^{1}

^{*}

^{1}

In this paper, we study the existence of solutions for the semilinear equation
, where
*A* is a
,
,
and
is a nonlinear continuous function. Assuming that the Moore-Penrose inverse
*A*
^{T}(
*AA*
^{T})
^{-1 }exists (
*A *denotes the transposed matrix of
*A*) which is true whenever the determinant of the
matrix
*AA*
^{T }is different than zero, and the following condition on the nonlinear term
satisfied
. We prove that the semilinear equation has solutions for all
. Moreover, these solutions can be found from the following fixed point relation
.

This work is devoted to study the existence of solutions for the following semilinear equation

A x + f ( x ) = b , b ∈ I R n , x ∈ I R m (1.1)

where A is a m × n matrix, m ≥ n , b ∈ I R n and f : I R m → I R n is a nonlinear continuous function.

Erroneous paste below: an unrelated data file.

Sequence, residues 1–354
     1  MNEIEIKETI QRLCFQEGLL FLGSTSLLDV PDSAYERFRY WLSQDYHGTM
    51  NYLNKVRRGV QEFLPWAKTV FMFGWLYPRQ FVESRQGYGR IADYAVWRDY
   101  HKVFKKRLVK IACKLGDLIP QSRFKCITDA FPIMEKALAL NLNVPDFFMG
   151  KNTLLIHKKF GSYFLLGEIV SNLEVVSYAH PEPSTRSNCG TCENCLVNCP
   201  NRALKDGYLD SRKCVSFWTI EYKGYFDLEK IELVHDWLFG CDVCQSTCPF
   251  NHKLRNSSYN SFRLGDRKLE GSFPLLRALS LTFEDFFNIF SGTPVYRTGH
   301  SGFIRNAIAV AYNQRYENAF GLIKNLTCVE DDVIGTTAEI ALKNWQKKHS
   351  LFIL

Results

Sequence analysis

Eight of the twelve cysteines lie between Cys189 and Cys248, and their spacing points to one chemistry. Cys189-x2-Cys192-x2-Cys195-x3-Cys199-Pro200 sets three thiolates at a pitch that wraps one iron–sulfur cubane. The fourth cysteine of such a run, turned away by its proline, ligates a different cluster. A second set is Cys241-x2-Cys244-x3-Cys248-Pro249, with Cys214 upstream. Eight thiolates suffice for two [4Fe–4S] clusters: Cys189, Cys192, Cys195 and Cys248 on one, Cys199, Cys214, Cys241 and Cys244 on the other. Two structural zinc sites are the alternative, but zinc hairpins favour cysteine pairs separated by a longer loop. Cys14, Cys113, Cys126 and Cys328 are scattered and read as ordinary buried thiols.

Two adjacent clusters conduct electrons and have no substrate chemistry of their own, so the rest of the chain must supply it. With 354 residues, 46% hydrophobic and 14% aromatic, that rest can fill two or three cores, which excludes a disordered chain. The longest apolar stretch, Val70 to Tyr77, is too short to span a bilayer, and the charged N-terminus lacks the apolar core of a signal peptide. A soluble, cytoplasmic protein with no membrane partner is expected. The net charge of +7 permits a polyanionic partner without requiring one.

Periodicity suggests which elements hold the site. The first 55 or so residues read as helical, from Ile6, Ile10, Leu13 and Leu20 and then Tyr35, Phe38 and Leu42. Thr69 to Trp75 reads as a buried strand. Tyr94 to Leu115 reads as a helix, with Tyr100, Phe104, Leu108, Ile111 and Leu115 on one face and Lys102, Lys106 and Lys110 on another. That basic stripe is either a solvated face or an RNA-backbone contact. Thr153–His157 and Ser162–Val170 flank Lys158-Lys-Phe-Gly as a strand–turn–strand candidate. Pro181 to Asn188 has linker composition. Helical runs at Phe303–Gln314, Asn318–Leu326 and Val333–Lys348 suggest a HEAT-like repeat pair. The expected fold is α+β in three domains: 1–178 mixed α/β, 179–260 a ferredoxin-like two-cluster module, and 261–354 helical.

Definition 1.1. The Equation (1.1) is said to be solvable if for all b ∈ I R n there exists x ∈ I R m such that

A x + f ( x ) = b .

Proposition 1.1. The Equation (1.1) is solvable if, and only if, the operator A + f ( ⋅ ) : I R m → I R n is surjective.

The corresponding linear equation A x = b has been studied in [

In this paper, using Moore-Penrose inverse A + and the Rothe’s Fixed Theorem [

Theorem 1.1. If A T ( A A T ) − 1 exists and f is continuous and satisfies the condition

lim ‖ x ‖ → ∞ ‖ f ( x ) ‖ ‖ x ‖ = 0 , (1.2)

then Equation (1.1) is solvable.

Moreover, for each b ∈ I R n there exists x b ∈ I R m such that

A x b + f ( x b ) = b ,

where x b = A T ( A A T ) − 1 ( b − f ( x b ) ) .

The following theorem will be used to prove our main result.